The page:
All nations are committed to achieving a higher standard of living for their people—adequate food, good health, literacy, education, and gainful employment. These are the goals of millions now living in privation. An important barrier to the achievement of these goals is the current rate of population growth. The present world population is likely to double in the next 35 years, producing a population of six billion by the year 2000. If the same rate of growth continues, there will be 12 billion people on earth in 70 years and over 25 billion by the year 2070. Such rapid population growth, which is out of proportion to present and prospective rates of increase in economic development, imposes a heavy burden on all efforts to improve human welfare. Moreover, since we live in an interconnected world, it is an international problem from which no one can escape.
In our judgment, this problem can be successfully attacked by developing new methods of fertility regulation, and implementing programs of voluntary family planning widely and rapidly throughout the world. Although only a few nations have made any concerted efforts in this direction, responsible groups in the social, economic, and scientific communities of many countries have become increasingly aware of the problem and the need for intelligent and forthright action. We recommend that these groups now join in a common effort to disseminate present knowledge on population problems, family planning, and related bio-medical matters, and to initiate programs of research that will advance our knowledge in these fields.
More than bio-medical research will be required, for control of population growth by means of voluntary regulation within each family poses major social and economic problems that can be solved only in part by biological means. Of special importance is the need for extensive and immediate research in the field to learn how we can make family planning more effective in societies that recognize the need for it. The challenge to students of social problems can hardly be overstated.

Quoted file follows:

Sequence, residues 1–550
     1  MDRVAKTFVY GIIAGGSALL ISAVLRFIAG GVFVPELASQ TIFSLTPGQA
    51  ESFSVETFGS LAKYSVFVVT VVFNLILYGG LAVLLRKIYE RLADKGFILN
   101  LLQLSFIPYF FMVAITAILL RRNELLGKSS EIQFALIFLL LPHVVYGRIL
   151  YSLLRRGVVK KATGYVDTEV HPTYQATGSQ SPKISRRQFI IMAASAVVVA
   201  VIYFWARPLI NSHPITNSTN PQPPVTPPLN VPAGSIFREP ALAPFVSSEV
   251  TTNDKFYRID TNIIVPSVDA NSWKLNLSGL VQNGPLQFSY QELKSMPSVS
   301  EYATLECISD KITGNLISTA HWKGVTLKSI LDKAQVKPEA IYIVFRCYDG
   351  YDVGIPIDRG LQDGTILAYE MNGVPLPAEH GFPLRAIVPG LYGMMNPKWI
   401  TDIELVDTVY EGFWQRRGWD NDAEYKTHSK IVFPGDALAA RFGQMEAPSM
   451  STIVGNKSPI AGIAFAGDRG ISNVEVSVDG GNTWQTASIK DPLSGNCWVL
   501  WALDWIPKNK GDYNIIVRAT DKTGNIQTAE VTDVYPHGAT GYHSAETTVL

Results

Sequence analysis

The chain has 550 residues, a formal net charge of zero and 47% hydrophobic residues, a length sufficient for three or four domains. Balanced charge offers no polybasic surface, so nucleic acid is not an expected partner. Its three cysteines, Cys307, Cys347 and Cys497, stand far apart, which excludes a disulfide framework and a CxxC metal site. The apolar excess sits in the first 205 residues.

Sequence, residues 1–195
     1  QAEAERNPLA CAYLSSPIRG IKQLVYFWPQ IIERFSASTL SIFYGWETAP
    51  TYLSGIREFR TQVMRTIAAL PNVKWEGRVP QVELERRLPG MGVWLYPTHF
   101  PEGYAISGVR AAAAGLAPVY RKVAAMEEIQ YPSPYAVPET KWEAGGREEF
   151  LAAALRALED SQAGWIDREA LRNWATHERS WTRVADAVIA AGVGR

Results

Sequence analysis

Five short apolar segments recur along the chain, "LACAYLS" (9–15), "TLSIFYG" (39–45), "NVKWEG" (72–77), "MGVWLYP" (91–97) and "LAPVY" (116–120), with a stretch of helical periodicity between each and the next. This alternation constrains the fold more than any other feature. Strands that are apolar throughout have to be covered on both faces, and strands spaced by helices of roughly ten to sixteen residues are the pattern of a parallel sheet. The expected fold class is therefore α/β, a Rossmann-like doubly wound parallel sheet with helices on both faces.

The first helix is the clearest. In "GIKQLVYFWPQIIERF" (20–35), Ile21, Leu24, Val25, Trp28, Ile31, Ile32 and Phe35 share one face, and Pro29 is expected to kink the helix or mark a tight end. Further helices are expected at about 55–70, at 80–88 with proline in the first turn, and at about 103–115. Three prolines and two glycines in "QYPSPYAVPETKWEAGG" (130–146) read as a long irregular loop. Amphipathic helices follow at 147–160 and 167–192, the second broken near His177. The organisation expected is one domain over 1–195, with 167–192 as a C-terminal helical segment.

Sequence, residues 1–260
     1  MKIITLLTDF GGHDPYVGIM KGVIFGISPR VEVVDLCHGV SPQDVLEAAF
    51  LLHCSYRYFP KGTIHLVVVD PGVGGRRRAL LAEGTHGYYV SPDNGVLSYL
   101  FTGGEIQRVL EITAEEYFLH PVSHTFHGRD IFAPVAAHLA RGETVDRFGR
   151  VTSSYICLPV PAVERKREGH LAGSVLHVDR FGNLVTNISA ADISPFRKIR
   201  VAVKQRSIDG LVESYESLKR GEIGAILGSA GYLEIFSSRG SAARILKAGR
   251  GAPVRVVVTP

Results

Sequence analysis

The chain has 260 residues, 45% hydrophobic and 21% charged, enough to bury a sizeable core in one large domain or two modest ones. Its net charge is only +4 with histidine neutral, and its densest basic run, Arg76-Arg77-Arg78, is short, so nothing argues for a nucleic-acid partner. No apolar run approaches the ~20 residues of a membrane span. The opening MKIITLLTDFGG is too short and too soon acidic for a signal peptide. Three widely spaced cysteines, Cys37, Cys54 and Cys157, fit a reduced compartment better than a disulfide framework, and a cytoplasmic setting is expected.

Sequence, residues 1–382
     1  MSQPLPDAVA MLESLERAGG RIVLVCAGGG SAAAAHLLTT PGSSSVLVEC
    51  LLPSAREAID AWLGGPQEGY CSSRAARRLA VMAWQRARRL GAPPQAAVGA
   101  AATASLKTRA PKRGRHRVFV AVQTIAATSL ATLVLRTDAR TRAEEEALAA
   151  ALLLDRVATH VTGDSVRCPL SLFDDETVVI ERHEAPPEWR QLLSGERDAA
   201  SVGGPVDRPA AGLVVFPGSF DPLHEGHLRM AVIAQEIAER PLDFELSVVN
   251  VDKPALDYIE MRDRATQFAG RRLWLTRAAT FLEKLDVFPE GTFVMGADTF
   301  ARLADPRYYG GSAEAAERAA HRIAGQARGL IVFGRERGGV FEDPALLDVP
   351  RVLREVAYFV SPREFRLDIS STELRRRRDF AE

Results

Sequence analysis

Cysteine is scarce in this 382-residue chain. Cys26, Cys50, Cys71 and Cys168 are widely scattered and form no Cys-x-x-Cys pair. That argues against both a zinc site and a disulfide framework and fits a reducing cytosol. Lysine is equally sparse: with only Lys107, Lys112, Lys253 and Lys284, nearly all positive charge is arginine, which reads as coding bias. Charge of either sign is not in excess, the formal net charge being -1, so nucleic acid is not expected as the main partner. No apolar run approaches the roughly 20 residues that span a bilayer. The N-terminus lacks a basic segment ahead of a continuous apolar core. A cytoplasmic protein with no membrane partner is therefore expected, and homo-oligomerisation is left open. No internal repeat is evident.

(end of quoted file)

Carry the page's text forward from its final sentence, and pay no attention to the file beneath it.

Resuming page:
In view of its relationship to the welfare of all men, individually and collectively, the problem of population growth can no longer be ignored. Increased understanding of present procedures and development of new methods for regulating fertility will maximize the freedom of all parents to determine the size of their families even in those countries where population growth is not an urgent social problem but where fertility regulation can have great personal significance. It should be emphasized that the kinds of basic bio-medical investigations that will contribute to solutions of problems of human fertility will also provide information that can be applied to the development of methods for overcoming sterility, for influencing embryonic development in order to repair genetically determined biochemical deficiencies, for avoiding harmful influences of drugs taken during pregnancy, and, in general, for assuring optimum conditions for embryonic and fetal development.
In pursuit of these objectives, many different kinds of institutions in the United States, both public and private, have important contributions to make. Other than the search for lasting peace, no problem is more urgent.